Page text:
IOM Partnerships in Indonesia Helping Victims of Trafficking

Date Publish: 
Indonesia / Asia

On the occasion of the first World Day Against Trafficking in Persons this article highlights a remarkable partnership between IOM and an Indonesian Lawyers’ Association.

Victims of trafficking cannot usually afford legal assistance. In order to bring justice to Indonesian victims of trafficking, IOM associated with PERADI (Perhimpunan Advokat Indonesia – Indonesian Lawyers’ Association) and they are working together to provide legal assistance to victims. In the last ten years, the International Organization for Migration (IOM) has assisted more than 6,000 victims of trafficking in Indonesia.

Several cases of labour and sexual exploitation in West Java, West Nusa Tenggara and Jakarta have already reached a verdict and traffickers have been condemned to between five and 11 years in prison. This demonstrates the potential for a promising partnership to benefit the victims and help them to regain dignity through justice.

IOM and PERADI initiated a partnership in 2011 to increase access to justice for victims of human trafficking with the support of the United States Department of State's Office to Monitor and Combat Trafficking in Persons (J/TIP). IOM committed to provide training on the relevant legislation to PERADI’s members, while PERADI committed to provide pro-bono legal services to victims referred to them by IOM. So far, IOM has trained 166 PERADI lawyers.

The newly elected chief of PERADI Legal Aid Centre, Rivai Kusumanegara, has put forward the initiative to increase pro-bono movement among lawyers in Indonesia. “The mandate of our Legal Aid Centre is to bridge the lawyers who have not done pro-bono works with the unfortunates who are seeking legal assistance,” he said.

PERADI was established in 2004. In line with the Indonesian Government Regulation 83/2008 (art. 2), which makes it compulsory for lawyers to provide free legal aid to people without economical resources, PERADI requests all of its member lawyers to comply with this principle. PERADI also formed its own Regulation 1/2010 on the “Implementation Guidelines for Cost-free Legal Aid” and in 2009 it created a department called “Legal Aid Centre” dedicated to equip PERADI’s national branches to help those who seek legal assistance. There are 35,000 PERADI member lawyers who are affiliated to 57 PERADI local branches of executive board, stretching from Aceh to Papua provinces.

In 2013, PERADI assisted 54 labourers who were forced to work in a factory in Banten Province. The workers very often suffered from physical and psychological abuse from the factory’s foremen, worked in a dangerous environment for up to 18 or 22 hours a day, without pay, and with inadequate living conditions. Neighbours who protested on how the waste from the factory degraded the surrounding environment were intimidated by gangs.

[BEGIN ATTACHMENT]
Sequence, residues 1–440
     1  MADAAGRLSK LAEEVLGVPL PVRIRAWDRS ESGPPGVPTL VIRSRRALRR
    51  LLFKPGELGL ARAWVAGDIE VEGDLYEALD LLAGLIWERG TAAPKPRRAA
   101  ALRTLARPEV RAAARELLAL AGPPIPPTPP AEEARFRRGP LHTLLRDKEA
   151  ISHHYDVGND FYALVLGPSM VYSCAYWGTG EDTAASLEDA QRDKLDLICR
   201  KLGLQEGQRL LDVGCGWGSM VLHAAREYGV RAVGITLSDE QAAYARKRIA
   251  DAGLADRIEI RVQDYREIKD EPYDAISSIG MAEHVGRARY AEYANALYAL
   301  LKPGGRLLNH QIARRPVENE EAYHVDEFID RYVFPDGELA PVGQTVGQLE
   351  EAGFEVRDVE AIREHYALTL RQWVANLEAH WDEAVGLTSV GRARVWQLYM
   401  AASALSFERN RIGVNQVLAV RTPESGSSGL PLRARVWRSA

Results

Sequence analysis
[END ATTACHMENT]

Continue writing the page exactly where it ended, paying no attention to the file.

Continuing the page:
On May 3, 2013, the Tangerang District Police raided the factory and rescued 34 workers in the site. It was then found that 54 workers were being exploited, three of whom were underage. The Police found that the workers were confined to the factory and subjected to repeated abuse. Some of them were only barely dressed and they also had bruises and wounds as the evidence of abuse.   

PERADI, with the Commission for the Disappeared and Victims of Violence, gave cost-free legal assistance to the 54 victims. They managed to press charges against the perpetrator who was convicted to 11 years in prison under the Indonesian TIP law No 21 Year 2007 on the Eradication of the Criminal Act of Trafficking in Persons.

In prosecuting the trafficker, PERADI also worked with the Institute for the Protection of Witnesses and Victims to obtain restitution for the victims. However, this proposal was rejected by the court due to its late submission. PERADI is still pursuing the attempt to obtain restitution through the court appeal, which should take place in the coming months.  

PERADI’s role does not stop in resolving the case. The association is also concerned about the victims’ on-going lives and their economic status, and seeks to empower the victims by supporting them to find jobs or to receive vocational training.

Considering the number of trafficking cases that occur in Indonesia, head of PERADI Legal Aid Center, Mr Kusumanegara emphasizes the importance of having stronger cooperation with other organizations that have the same commitment to combat trafficking in persons in Indonesia and this, he said, includes IOM as one of its leading partners.

“We see IOM as a very great working partner, because basically we have the same spirit and understanding that trafficking in persons is a part of a crime against humanity. IOM with its international network has also enabled us to keep up with the worldwide trends on law enforcement, policies, as well as the international convention related to fighting against trafficking in persons,” he said.

One of the main issues addressed by IOM world-wide is trafficking in human beings. IOM's counter-trafficking activities are manifold. Geared toward the prevention of trafficking in persons, particularly women and children, and the protection of migrant's rights. © IOM